Thank you. It is my honor to be with you today as we celebrate this International Year of Biodiversity to talk about biodiversity and the challenges we face to protect it. Over the past few decades, we have come to better understand the critical role that biodiversity plays in human survival and well-being.
Unfortunately, we have also come to understand that the loss of biodiversity is accelerating at an alarming and unacceptable pace, consequences of which are irreversible on any time scale meaningful to humanity.
Therefore, let us also reflect upon our collective failure to realize our goal to significantly reduce the rate of biodiversity loss by 2010. Climate change, exponential growth in natural resource use, and a continually growing population all intensify the pressures on biodiversity.
We can and must do better. We can no longer afford to view biodiversity as a luxury. This week, as we commemorate a decade since the Millennium Summit and the establishment of the Millennium Development Goals, let us also agree that development at the expense of the very infrastructure of life upon which human progress depends will be short-lived.
We must do things differently. Albert Einstein once wrote that, "We cannot solve problems by using the same kind of thinking we used when we created them." So as we look at new ways to tackle the loss of biodiversity, we should keep a few key principles in mind:
First, biodiversity begins at home. Much of the value of biodiversity is realized at the local level and we need to find ways to integrate biodiversity into local planning.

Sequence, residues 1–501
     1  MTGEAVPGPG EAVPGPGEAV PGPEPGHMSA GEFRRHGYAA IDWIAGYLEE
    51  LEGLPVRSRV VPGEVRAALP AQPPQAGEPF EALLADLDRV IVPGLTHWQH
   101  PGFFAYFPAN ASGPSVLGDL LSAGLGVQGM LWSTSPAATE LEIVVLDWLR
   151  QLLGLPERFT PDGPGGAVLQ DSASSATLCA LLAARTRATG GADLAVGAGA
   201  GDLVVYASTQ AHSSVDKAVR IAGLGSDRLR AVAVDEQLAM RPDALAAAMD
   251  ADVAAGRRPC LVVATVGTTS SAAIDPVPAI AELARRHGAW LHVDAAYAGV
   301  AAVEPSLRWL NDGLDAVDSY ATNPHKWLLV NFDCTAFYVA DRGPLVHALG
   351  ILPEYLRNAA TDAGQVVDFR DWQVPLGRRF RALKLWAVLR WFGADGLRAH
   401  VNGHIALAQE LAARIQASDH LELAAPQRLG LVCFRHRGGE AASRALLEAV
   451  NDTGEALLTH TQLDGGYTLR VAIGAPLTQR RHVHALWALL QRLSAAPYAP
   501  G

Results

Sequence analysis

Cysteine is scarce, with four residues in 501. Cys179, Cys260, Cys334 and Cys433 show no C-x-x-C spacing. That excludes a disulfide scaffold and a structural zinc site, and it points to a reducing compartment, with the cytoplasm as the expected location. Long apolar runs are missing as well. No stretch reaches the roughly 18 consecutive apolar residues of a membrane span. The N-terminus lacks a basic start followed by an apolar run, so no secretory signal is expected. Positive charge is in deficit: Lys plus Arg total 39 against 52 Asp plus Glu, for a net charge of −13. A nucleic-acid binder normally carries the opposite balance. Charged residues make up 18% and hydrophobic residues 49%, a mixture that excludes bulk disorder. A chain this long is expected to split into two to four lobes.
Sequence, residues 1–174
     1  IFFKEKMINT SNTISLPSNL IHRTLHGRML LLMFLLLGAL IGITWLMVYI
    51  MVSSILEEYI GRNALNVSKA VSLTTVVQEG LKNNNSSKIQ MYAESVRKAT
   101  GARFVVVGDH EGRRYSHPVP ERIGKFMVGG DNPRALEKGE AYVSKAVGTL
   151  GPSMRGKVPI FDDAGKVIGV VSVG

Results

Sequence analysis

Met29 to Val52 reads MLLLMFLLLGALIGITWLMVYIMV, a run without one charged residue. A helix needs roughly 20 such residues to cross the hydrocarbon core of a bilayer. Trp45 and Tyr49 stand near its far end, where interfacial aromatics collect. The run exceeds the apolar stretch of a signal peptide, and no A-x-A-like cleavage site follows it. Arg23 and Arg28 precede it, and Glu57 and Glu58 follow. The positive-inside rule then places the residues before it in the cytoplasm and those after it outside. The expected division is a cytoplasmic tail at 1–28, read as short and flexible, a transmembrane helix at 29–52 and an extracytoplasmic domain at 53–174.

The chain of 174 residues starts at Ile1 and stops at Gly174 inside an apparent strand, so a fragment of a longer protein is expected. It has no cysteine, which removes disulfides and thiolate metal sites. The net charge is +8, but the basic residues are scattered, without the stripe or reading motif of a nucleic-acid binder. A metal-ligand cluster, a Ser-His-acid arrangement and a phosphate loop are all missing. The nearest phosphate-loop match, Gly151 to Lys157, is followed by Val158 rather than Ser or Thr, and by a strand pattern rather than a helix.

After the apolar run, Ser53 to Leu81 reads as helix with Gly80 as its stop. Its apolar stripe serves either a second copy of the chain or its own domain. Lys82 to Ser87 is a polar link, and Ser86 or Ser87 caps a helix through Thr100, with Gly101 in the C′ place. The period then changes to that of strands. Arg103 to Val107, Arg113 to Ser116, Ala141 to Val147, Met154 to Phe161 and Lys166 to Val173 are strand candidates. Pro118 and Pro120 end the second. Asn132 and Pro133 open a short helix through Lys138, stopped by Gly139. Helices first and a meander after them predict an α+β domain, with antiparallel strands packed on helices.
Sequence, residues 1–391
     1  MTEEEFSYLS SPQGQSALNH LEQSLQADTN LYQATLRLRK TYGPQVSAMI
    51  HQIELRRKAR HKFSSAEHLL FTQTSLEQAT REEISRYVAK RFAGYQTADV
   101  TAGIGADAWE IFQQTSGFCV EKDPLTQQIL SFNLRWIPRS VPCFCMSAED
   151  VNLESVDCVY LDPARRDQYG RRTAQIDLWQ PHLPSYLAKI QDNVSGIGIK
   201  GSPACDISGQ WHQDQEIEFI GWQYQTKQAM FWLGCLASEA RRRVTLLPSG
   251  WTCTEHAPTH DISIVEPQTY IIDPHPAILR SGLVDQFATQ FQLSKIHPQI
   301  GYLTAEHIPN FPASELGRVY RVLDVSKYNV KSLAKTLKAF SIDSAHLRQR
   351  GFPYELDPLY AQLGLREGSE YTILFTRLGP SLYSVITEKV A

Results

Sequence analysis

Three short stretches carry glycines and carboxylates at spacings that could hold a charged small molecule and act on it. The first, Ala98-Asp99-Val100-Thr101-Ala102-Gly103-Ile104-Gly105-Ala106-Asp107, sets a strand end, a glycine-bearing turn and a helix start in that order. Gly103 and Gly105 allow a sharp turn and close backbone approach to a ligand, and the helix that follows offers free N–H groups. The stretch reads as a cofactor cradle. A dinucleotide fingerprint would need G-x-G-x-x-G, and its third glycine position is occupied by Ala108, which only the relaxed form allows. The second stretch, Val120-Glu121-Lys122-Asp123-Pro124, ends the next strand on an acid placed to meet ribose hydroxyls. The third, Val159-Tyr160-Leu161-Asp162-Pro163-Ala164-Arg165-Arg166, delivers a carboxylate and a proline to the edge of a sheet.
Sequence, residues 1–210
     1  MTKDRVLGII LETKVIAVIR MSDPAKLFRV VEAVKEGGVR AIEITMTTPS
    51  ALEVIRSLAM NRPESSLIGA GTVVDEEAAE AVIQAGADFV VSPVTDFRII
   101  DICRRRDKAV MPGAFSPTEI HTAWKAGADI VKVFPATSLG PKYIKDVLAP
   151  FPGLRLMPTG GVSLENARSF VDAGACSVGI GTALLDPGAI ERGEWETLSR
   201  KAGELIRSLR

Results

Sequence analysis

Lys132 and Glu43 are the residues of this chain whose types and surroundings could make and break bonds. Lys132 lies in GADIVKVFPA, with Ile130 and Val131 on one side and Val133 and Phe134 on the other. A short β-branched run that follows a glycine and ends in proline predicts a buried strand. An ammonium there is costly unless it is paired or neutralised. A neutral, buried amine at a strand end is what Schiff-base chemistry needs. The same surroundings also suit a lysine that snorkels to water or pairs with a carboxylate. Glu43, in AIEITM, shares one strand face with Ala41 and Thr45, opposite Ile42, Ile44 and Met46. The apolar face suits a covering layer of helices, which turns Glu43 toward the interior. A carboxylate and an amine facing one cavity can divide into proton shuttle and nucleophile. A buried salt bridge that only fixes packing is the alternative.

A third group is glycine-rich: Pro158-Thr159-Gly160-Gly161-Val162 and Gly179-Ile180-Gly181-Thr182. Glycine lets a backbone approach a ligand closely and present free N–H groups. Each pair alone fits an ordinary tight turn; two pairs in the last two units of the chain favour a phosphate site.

Second, governments cannot protect biodiversity on their own. All people have a stake in biodiversity, and, therefore, we must all be involved in protecting it.
Third, the next generation of solutions will require creativity, innovation, and most of all, decision-making based on science and scientific analysis.
To this end, the United States believes that the Intergovernmental Platform on Biodiversity and Ecosystem Services is an important step forward and we look to this body, the General Assembly, to agree to a resolution this session.
The United States invests more than $300M every year to support biodiversity worldwide and we invest billions of dollars domestically to protect biodiversity in the United States. While this is a testament to our commitment to biodiversity, it is not enough to talk about what we spend. What matters is what we achieve.
So how can we move forward to more effectively protect biodiversity?
First, we need to put biodiversity into the mainstream of politics and policy as a crucial element of sustainable economic development, poverty eradication, and human well-being.
Second, we must identify specific strategies, tools, and ways of measuring effectiveness, backed by robust science and practical economics. We must also build capacity in all societies to put these into practice.
Third, we need to greatly broaden participation to include local communities, the poor, indigenous people, and women and youth. We need to reach every child, male and female, as the future leaders for the environment.
There is a saying, attributed as an ancient Native American proverb: "We do not inherit the Earth from our ancestors, we borrow it from our children." As we look to the future, we have an opportunity today to dedicate ourselves to biodiversity as a priority in all our work. We have much to learn from each other, from our history, and from the natural world in which we live.